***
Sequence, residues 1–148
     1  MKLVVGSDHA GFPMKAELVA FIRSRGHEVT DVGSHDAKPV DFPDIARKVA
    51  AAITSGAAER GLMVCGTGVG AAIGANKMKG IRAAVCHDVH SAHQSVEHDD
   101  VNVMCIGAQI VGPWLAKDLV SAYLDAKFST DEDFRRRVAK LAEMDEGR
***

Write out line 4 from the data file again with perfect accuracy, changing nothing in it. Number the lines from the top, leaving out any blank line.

   101  VNVMCIGAQI VGPWLAKDLV SAYLDAKFST DEDFRRRVAK LAEMDEGR